Fecal samples were collected from all participants, stored in sterile plastic hermetically sealed boxes and processed for the analysis. One gram of feces was suspended in 5 ml of distilled water and mixed per 5 min. The fecal sample was homogenized in perchloric acid (0.15 mol/L), and centrifugated at 4,000 rpm for 10 min. The aqueous fecal phase (980 μl) was collected and 20 μl of methacrylic acid (2.5 mMol/ ml) was added. The concentrations of SCFA (butyrate, acetate, and propionate) were measured using a gas chromatography equipped with a flame ionization detector (Hewlett Packard 5890 Series II) (19), by injecting 1 μl of stool sample into the capillary column (Supelco SPBTM 30 m × 0.25 mm × 0.25 mm) and data were evaluated using an integrator manual (Hewlett Packard 3396 Series II).

Statistical Analysis

All data are shown as mean ± standard deviation (SD), otherwise stated. All dependent variables were controlled for normal distribution by Shapiro-Wilk test. If the distribution of a variable was skewed, it was log-transformed prior to analyses and back-transformed before presentation. Differences in SCFA were analyzed by using Wilcoxon's rank test. Pearson's correlations were used to test associations between variables with normal distributions; otherwise, Spearman's correlation was applied. Statistical analyses were performed using SPSS version 18.0 (Chicago, IL) and significance level was set at the p < 0.05.


All participants recruited completed the study, however 2 out 8 control subjects did not deliver food diary. Both groups differed for body weight (r-AN = 37.3 ± 3.8 vs. C = 55.8 ± 3.4 kg; p = 0.01), BMI (r-AN = 14.5 ± 1 vs. C = 22.1 ± 1.9 kg/m2; p = 0.01) and, even though the range of age was similar between groups (20–32 years), age resulted different (r-AN = 23.5 ± 2.8 vs. C = 29.2 ± 2.9 years; p = 0.02). As expected, the total energy intake was significantly lower in r-AN patients than C and macronutrient composition differed significantly between groups as reported in Table 1. r-AN had a lower amount of carbohydrate and fat compared to controls, while the intake of both protein and dietary fiber was similar. Likewise, trace elements and vitamins intake did not significantly differ between groups. None of the participants reported any alcohol consumption. As expected, REE measured by indirect calorimetry was reduced for r-AN than C; but those values were compliant with their self-reported energy intake.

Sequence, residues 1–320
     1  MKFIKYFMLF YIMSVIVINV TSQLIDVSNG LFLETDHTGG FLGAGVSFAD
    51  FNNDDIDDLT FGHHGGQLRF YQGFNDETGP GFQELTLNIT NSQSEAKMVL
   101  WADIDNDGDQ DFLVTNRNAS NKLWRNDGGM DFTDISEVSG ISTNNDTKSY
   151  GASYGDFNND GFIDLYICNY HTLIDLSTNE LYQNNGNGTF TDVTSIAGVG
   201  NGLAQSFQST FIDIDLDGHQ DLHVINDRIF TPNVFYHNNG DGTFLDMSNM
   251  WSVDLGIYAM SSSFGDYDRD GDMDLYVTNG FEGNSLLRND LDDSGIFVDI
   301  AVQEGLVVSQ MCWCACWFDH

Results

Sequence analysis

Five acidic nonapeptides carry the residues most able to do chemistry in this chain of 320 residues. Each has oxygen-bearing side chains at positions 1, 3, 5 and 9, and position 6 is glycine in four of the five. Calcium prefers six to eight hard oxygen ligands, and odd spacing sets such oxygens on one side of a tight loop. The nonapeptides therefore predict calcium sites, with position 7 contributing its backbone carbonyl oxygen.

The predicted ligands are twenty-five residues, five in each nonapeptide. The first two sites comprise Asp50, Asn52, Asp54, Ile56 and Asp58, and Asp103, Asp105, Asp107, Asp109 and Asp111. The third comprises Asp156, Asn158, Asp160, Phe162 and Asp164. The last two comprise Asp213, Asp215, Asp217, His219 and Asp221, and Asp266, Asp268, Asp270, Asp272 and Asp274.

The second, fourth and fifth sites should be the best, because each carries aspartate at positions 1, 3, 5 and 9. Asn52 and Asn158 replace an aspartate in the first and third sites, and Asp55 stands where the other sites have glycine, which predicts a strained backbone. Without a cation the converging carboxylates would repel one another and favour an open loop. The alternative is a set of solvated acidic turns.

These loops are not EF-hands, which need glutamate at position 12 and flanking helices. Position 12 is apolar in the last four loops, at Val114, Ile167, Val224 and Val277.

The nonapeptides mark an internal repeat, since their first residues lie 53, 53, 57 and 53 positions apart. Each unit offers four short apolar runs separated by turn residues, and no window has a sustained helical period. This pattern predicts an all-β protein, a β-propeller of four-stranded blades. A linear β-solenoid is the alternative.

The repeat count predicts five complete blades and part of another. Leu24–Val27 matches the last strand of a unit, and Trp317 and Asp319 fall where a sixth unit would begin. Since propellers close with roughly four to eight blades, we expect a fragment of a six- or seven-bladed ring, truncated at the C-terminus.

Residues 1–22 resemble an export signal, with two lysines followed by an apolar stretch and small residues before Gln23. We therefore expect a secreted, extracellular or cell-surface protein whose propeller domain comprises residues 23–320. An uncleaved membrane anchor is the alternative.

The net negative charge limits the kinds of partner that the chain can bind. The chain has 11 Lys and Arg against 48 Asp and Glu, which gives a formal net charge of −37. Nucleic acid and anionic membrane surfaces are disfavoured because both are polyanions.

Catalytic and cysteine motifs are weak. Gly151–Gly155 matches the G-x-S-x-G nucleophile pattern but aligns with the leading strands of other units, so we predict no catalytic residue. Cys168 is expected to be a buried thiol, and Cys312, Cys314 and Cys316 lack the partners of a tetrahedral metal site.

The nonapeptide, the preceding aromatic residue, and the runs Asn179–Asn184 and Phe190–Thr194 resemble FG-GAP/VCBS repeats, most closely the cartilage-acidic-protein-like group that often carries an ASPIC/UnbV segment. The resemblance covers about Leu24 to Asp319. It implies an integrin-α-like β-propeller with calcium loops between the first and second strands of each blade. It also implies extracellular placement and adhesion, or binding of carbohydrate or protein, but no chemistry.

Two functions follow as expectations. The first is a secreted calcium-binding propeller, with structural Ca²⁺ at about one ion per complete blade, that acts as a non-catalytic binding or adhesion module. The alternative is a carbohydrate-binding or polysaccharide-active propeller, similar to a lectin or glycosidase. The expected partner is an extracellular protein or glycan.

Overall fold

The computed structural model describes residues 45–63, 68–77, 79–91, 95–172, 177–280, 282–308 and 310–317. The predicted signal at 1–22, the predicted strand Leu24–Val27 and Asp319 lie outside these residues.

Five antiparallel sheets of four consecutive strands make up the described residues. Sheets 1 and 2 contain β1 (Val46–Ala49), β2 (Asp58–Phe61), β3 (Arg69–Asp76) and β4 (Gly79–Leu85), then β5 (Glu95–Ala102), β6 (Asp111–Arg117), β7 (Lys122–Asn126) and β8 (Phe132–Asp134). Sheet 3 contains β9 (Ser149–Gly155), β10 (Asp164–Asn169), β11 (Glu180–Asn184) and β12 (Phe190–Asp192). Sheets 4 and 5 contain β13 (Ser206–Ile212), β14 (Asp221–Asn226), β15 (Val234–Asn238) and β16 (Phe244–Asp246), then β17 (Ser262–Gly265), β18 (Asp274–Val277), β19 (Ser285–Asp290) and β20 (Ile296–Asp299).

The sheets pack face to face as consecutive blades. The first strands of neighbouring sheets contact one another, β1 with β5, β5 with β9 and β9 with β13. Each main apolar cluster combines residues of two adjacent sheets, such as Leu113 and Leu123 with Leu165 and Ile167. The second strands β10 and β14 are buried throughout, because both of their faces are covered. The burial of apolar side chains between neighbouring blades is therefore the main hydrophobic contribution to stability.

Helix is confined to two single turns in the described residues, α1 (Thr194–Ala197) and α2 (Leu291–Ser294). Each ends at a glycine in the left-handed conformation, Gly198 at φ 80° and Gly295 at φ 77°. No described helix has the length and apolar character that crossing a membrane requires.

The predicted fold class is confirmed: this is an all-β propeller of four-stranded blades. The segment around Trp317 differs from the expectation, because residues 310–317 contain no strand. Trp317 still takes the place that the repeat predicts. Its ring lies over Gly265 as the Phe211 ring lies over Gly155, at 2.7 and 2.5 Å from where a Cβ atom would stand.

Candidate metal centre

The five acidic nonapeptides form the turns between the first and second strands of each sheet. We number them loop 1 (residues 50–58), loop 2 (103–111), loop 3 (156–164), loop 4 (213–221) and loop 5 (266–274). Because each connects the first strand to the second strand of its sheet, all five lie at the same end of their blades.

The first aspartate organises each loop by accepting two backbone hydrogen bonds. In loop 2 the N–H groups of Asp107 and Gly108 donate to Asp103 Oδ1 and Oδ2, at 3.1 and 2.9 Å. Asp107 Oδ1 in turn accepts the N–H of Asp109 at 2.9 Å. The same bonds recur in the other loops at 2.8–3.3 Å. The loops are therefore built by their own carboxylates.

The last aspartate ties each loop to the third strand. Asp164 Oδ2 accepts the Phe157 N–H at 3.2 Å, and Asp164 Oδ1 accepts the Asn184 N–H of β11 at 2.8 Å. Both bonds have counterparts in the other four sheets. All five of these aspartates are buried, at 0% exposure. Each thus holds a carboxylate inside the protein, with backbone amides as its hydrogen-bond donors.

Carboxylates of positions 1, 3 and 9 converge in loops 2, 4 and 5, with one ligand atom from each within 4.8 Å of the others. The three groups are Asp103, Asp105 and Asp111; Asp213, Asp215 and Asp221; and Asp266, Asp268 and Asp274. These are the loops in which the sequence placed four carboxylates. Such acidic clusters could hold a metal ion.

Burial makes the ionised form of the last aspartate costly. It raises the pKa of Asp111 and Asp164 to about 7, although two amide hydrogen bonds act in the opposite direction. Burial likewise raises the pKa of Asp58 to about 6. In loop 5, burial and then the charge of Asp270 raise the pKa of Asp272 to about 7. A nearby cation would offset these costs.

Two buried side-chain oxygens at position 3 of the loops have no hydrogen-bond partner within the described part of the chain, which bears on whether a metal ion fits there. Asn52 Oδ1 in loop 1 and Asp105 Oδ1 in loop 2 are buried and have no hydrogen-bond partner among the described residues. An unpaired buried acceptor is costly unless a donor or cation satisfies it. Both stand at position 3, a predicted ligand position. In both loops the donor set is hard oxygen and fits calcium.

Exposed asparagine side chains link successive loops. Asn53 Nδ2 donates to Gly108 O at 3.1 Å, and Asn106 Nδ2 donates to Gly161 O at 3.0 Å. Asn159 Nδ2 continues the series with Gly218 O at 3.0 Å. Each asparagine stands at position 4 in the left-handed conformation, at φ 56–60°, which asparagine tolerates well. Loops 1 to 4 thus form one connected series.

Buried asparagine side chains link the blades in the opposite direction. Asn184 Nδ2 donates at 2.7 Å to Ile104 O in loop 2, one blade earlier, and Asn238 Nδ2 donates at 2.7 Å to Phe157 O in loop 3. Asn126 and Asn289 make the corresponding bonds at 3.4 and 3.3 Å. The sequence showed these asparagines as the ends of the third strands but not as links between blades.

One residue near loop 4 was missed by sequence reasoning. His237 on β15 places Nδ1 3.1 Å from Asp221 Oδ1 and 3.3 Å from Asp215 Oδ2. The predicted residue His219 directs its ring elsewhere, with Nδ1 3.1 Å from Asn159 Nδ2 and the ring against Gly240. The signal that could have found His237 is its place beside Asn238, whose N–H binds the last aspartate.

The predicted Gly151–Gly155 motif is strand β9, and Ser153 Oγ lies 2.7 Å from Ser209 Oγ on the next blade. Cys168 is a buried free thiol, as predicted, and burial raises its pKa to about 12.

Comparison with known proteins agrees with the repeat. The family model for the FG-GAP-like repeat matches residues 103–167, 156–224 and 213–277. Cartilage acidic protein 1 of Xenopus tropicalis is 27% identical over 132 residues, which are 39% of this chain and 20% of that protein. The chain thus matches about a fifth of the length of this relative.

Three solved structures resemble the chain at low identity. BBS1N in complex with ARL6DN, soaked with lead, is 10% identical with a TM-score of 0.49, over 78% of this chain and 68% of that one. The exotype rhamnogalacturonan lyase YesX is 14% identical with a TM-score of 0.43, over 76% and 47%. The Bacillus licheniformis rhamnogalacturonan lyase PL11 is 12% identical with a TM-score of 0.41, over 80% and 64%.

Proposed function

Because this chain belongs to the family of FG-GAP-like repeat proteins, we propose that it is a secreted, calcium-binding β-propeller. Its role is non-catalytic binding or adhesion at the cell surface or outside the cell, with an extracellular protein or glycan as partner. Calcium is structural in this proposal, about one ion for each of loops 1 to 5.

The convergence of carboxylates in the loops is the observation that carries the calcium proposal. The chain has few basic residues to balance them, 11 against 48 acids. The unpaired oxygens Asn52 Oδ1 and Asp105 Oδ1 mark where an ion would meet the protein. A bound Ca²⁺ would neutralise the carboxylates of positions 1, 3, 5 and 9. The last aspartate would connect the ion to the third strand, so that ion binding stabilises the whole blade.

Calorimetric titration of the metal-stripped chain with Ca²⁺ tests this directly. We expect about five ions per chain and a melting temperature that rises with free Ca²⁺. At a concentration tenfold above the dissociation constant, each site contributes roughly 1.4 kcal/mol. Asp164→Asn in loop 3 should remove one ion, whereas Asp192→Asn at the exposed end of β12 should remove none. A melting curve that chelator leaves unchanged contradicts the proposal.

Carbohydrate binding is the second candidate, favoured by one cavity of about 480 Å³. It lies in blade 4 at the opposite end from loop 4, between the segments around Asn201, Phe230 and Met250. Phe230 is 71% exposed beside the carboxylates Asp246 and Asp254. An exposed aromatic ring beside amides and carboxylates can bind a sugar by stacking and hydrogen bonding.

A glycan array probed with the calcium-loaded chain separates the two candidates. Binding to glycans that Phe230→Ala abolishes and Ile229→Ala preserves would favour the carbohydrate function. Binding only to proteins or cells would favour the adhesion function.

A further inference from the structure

Table 1. Dietary intake and measured REE in r-AN patients and controls.

The concentrations of fecal SCFA were reported in Figure 1, showing that butyrate and propionate were significantly lower in r-AN patients than controls; whereas, acetate and total SCFA concentration did not differ. Correlation tests were run for weight, dietary intake and SCFA analyzed in the study; observing that weight and BMI were positively correlated to both butyric (r = 0.76 and r = 0.72, p < 0.01) and propionic acid (r = 0.71 and r = 0.77; p < 0.01). As concern dietary intake, the amount of fat as well as of starch were directly correlated to propionic (r = 0.70 and r = 0.59; p < 0.01) and acetic acid (r = 0.70 and r = 0.61; p < 0.01); while butyrate was correlated to carbohydrates and oligosaccharides (r = 0.70 and r = 0.61; p < 0.01).


Figure 1. Fecal SCFA concentrations in subjects with anorexia nervosa and healthy controls. *p < 0.05.